I've never admitted to being a festive spirit in the build up to Christmas, shamefully I'll hold my hands up for being a Scrooge. However, being away from home so close to Christmas is like watching queues of excited people waiting to board their plane for their summer holidays...from the arrivals department.
I was surrounded by families and children anticipating Father Christmas' arrival in his little wooden grotto. It was lovely, don't get me wrong, but I just couldn't shift that deep green eyed monster lurking in my gut.
I wanted to be home!
So, instead of moping I took to exploring! I had a few recommendations from the locals and other artists resident here to go and visit The Barony A Frame in Auchinleck, a five mile walk from the estate up into the forests. I had seen its distant silhouette from The Adam Bridge not too long ago so I took it upon myself to make the journey, taking preference to the woodland walk rather than the road.
Now for those who do not know me, my navigational skills are far from a Satnav's, I'm rather a SatNOT. I don't try to be bad at orienteering, I just am bad.
Five miles, several photographs, a few snapchats, one fall, two pairs of muddy trainers and an hour later I've made it!
I can't say the photos really do it any justice, this A frame is huge! Built in 1954, this is the last remaining A frame in the country used for Scottish mining. All other mine buildings were demolished with the closing of the pit, but East Ayrshire council were able to hold on to this historic monument to withhold the memories of the mining industry. Similar to many of the restorations within Dumfries House, The Barony A frame was in much need of a face lift, and was fully restored by 2007 with newly built landscaping.
There was something quite eerie being here alone. Having just been pumped with adrenaline, excitement and relief of arriving here safely, I had this overwhelming sense of hollowness. I began thinking about those miners who worked days and nights through the mines with no sunlight, little oxygen and far worse navigation than I was worried about, often getting lost or trapped underground with little hope of getting home.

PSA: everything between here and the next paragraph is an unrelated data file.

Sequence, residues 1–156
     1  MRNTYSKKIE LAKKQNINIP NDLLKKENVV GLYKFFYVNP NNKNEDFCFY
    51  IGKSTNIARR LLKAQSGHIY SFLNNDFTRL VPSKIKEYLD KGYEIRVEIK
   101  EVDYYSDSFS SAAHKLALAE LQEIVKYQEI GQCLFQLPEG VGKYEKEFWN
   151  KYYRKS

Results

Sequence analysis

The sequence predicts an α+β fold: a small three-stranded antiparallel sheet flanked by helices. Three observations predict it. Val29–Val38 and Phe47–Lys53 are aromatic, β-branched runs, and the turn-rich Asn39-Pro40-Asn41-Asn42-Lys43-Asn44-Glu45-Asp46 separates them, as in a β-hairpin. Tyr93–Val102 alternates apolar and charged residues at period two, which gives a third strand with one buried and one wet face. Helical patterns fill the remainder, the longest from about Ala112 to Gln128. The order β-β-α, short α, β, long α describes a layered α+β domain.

It was a wake up call I think. Visiting such a powerful and meaningful place, it put minor trivial things into perspective. As I turned to head back I found a beautiful sentiment to those who had lost their lives. A bare tree wrapped in Christmas tinsel and baubles.
Of course on my way back I got lost, and with the panic of it gradually getting dark I found myself knee deep in the muddy forest floor desperately trying to navigate myself back. Typically my phone was losing battery, I had little signal and no GPS (why aren't compasses cool to carry around?!) So I turned back in refuge of the A Frame and with the safety of knowing I have the road to guide me home.
Seeing the road back to the estate was nothing short of euphoria.
It gave me so much comfort in knowing I had (after two hours) made it back safe, it felt like I was home. I realise I didn't climb Mount Everest or swim the English channel but what this journey had done was change my perspective of my stay at Dumfries House. This was home- away from home. It was shelter, warmth, and safety.
Returning back to my studio I began thinking of the ideas of home, warmth, safety and security within aspect of my work, how I could implement these feelings and ideas into the formal and contextual meanings of my work. I started painting again, this time on canvas!
I began layering different colour and tones and came across the ideas of Tartan. A Scottish hertitage design often found in homes or used for comfort in scarves, blankets, coats etc. I began stencilling areas of the canvas to build up the criss-cross linear styles of Tartan but using a neutral tonal colour palette to reflect the natural woodland landscape.
But this idea of 'home' was an enclosed warm sense of security, something that a wall based painting could not transcribe. So I turned to some old recycled bits of Perspex I had lugged up to Scotland with me and formed my four walls and shelter.
All I needed then was the natural day light to provide my painting sculpture with warmth. The frosted perspex refracts the light giving the illusion it is lit from the inside.
Comfort, safety, shelter, home!
- Update! Derbyshire now has it's own tartan
Scottish couple Fiona and Leslie Trotter moved to Derbyshire in 2012 and brought with them their passion of Scottish culture and garment design. Similar to my influences within nature, they took inspiration from the countryside landscapes to conjure up the colours, tones and design for a unique pattern of Tartan.
It was interesting to see the correlation of a Derbyshire born artist in Scotland and Scottish born designers in Derbyshire were tailoring their own influences of designs to form such an iconic patterned design. Although, both very different, I couldn't help but pick up the similarities of blues and pinks in vertical and horizontal lines, something that Fiona described depicts as:
Hues which symbolise Derbyshire's famous 'Blue John' (or Derbyshire Spar) as well as the deep purple of the heather, which covers the high peaks during the summer months.
See more below!